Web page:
Be your own fantasy football manager at work. Know your job and all its attributes inside and out.
Then, analyzing your job through a lean lens, you’ll find many opportunities to improve. Why not spend your limited time on your process? Right away, you’ll become more in tune with what you’re doing and understand how you fit in the system. You can affect any system you’re part of and have influence over its improvement. (That’s systems thinking.)
As you implement lean countermeasures to your daily activities, your process, you’ll find opportunities to influence others. Notice I didn’t say “control” others—but when you have greater mastery of what you control, it creates a respectful influence on others to work together to find solutions. In sports, it’s the teammate who has mastered his or her position that the other players look up to, listen to, and follow.
The more you master your own job, the more people will want to collaborate with you on solutions.
How I Grew My Circle of Influence
When I was responsible for the proposal and contract process for $500M of annual revenue at Delta TechOps, there were 44 people who could veto or slow the process. Not a single one of those people worked for me, and many were of higher rank in the organization. Focusing on my circle of concern—that is, the speed of others in the process—made me feel and look helpless.
After stepping back to focus on the mission of the process, mapping it, and understanding its attributes, I discovered many ways to improve the activities within my own control. After getting out of my own way, I discovered that the legal department was a big constraint. At first, I kept working outside my circle of influence, demanding faster support or hiring more lawyers to expedite reviews. Desperate, I finally asked the lawyers, “What can I do to help you review faster?”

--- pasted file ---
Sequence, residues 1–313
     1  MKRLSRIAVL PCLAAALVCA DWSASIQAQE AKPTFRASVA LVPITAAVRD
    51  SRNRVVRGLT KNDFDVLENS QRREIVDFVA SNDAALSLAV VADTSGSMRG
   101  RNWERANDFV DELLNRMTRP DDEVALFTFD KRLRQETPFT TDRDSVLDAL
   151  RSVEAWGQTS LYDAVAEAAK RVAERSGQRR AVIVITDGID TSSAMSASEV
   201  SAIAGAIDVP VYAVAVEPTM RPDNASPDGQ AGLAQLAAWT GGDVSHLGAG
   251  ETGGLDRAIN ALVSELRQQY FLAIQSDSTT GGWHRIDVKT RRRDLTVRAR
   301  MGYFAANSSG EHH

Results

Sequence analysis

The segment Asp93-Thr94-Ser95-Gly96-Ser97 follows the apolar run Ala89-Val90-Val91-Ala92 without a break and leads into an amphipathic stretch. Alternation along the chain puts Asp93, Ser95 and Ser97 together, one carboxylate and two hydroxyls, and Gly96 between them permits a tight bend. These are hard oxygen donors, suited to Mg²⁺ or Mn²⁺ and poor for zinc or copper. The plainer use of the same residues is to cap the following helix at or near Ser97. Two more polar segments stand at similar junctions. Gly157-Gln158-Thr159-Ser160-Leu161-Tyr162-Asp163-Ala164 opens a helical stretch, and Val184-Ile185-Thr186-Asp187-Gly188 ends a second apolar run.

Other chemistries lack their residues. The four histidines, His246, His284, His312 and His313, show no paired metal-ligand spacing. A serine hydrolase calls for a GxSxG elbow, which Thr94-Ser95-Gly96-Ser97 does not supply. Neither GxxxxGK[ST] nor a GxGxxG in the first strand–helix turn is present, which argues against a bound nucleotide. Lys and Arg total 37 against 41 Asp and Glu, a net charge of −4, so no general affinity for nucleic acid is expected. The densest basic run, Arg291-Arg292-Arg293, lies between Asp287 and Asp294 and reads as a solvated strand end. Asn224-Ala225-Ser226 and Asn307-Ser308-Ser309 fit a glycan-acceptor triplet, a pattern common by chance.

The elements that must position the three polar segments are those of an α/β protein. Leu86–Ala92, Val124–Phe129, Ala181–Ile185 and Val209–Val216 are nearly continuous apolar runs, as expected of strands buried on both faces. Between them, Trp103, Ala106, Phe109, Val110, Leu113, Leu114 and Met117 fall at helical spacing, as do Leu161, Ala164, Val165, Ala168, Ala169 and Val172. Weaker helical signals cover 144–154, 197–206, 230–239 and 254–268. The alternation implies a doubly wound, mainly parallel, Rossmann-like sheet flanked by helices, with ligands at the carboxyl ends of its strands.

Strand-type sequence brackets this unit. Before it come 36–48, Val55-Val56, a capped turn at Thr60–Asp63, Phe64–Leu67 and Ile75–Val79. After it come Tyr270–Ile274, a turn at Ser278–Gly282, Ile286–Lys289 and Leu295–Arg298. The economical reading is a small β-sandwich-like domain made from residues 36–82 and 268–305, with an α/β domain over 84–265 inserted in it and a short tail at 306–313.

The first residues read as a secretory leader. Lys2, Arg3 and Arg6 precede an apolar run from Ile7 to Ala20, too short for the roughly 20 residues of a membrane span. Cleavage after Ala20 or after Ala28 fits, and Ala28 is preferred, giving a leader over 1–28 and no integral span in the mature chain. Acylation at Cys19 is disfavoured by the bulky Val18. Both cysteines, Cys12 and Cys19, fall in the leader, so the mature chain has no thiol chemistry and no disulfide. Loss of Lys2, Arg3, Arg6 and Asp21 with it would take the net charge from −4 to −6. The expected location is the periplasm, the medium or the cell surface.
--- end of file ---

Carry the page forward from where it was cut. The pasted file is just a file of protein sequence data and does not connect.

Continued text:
This triggered a meaningful dialogue.
I discussed with them what I had done to improve processes within my circle of control and showed them where they fit in the system. They pointed out that the documents from my own department had so much variation, depending on who created them, that they took a long time to review because each one was essentially a totally new document. I went back to my department and we jointly created a common language template for each product—standard work. Immediately after, legal was no longer a constraint.
All that just by working within my circle of influence.
The world is full of people who spend all their time focusing on their circle of concern instead of their circles of influence or control. They’re the ones you see frustrated and railing on social media. But I’m constantly inspired by others who focus on big issues like education, homelessness, the environment, etc., by just doing something small and local. Working within their circles of control, they influence me (and others) to follow their example. I’m constantly inspired by my clients who leave my class to go back to work and then share their stories of how working within their circle of influence provided success and job satisfaction.
The final reward is that when you focus on your circle of influence and drop effort outside it, your circle of influence actually grows. You collaborate more, you have more wins. This increases others’ perception of you—and even more important, it improves your own perception of you!
Has working within your circle of influence made a difference for you, or have you been inspired by people working within theirs? If so, please post in the comments section. I’d love to hear about it.